In Europe, high energy prices delayed the start of this year's organic greenhouse vegetable season. "Also, organic greenhouse vegetable acreage is as much as 20 to 30% lower," says Matthieu Zwaan of the Dutch company Bioworld. However, that is not causing major market shortages. "People have less to spend, reducing demand for many specialties, niche products, and organic products."
"Demand in Scandinavia, always a big organic vegetable buyer, has fallen by 15%. Organic is now increasingly considered a hype there, and more and more Scandinavian growers are switching back to conventional cultivation. Whereas in the Netherlands, certain parties like HAK are switching to organic, the opposite is happening in Scandinavia," Mattieu explains.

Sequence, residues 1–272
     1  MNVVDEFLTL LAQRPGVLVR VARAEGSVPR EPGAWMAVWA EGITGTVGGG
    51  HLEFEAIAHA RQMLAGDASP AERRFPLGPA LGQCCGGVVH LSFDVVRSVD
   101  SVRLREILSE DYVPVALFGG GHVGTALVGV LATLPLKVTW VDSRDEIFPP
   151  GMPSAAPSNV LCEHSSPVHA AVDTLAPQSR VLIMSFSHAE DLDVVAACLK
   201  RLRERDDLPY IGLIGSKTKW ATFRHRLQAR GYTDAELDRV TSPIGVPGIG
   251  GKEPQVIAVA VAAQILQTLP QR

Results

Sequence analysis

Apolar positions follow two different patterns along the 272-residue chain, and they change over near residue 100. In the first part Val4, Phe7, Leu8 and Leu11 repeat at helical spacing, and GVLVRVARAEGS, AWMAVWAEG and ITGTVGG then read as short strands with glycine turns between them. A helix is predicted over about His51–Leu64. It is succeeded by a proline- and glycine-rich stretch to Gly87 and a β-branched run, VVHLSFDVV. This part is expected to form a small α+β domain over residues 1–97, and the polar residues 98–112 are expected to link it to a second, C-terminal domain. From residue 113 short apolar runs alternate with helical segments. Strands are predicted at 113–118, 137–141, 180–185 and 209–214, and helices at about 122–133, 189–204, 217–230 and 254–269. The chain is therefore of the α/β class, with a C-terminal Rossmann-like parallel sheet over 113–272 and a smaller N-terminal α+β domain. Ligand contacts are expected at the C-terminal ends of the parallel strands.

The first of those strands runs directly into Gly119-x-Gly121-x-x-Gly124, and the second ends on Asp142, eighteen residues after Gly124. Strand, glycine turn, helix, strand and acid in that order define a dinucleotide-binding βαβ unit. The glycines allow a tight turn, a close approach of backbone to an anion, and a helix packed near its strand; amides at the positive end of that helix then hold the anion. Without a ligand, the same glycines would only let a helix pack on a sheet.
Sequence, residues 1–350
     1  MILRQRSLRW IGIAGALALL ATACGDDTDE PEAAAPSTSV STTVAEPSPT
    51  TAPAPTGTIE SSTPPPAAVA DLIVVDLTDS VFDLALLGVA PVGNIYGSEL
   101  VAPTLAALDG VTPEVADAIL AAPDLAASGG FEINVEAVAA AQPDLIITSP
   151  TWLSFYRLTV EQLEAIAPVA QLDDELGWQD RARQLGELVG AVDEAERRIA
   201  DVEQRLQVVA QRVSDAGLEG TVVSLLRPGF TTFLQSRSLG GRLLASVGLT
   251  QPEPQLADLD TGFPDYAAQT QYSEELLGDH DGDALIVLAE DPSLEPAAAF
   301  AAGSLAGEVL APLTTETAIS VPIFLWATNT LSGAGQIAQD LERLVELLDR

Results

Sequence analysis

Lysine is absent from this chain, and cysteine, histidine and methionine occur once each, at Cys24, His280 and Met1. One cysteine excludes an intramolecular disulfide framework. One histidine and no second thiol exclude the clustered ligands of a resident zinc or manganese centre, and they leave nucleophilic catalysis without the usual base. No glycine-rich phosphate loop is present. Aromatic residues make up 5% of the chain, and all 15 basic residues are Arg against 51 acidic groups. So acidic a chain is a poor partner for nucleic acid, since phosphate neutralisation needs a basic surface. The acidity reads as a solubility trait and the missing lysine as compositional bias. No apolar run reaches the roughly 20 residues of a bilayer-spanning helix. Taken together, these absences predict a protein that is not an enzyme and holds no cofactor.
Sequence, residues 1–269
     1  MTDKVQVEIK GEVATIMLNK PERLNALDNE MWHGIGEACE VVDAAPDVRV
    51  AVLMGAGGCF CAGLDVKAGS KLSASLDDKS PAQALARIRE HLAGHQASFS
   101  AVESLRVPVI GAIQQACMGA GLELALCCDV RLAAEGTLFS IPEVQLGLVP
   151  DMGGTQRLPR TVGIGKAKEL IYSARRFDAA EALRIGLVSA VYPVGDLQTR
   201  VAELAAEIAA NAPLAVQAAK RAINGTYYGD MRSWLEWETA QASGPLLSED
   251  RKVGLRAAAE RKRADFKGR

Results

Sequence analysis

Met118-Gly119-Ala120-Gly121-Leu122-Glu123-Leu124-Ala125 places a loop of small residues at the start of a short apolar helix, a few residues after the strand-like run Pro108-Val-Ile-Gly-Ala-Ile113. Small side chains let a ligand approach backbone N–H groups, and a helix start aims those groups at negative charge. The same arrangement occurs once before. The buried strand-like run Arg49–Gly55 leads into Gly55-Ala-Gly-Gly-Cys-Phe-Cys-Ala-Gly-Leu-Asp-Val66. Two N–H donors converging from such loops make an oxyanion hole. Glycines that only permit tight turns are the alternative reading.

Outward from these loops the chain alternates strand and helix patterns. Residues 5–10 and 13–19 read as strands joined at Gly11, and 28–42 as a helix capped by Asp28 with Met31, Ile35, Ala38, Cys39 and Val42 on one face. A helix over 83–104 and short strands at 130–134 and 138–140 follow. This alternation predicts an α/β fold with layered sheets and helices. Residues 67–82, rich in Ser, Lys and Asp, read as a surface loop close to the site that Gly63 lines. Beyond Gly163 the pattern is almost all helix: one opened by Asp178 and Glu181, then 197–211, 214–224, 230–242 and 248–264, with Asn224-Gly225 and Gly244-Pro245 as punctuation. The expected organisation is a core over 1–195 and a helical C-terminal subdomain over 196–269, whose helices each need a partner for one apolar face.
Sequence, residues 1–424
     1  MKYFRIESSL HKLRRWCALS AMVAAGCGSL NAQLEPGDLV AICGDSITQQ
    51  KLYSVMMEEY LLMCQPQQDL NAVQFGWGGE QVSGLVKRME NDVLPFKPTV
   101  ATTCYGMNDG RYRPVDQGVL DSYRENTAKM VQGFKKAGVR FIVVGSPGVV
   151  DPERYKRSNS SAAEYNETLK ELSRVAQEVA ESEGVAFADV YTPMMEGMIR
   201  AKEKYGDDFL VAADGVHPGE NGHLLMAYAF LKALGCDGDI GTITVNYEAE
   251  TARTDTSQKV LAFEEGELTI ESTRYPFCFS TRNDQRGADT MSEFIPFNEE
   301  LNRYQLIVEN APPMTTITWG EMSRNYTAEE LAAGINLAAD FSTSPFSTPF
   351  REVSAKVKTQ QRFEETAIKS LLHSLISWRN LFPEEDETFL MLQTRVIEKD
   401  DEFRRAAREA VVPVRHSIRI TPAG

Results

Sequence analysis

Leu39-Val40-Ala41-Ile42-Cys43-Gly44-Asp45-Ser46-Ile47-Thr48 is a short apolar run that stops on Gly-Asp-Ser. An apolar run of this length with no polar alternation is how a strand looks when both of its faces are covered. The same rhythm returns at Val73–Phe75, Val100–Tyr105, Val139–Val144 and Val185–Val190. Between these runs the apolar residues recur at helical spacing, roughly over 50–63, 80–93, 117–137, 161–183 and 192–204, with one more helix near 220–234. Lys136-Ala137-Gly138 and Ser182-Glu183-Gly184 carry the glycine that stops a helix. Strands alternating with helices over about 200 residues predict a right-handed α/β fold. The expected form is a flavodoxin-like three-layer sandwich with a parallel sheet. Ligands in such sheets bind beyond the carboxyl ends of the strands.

"There are especially many organic cucumbers on the market, which haven't yet reached high prices. Last year, those made plenty of money, and certainly in Spain, there's a lot planted for next year. I, thus, think these sales will be hard this season. Organic bell and pointed peppers, on the other hand, are in short supply. Organic tomatoes are currently plentiful, but I expect market shortages to arise again."
Greenhouse vegetables make up most of Bioworld's assortment. But its Best Fresh organic branch also offers a wide range of open-field vegetables, including so-called forgotten vegetables. "That could be seen as a double niche, but there's still much demand for scarce products. True organic buyers, fortunately, remain loyal to organic products," Matthieu concludes.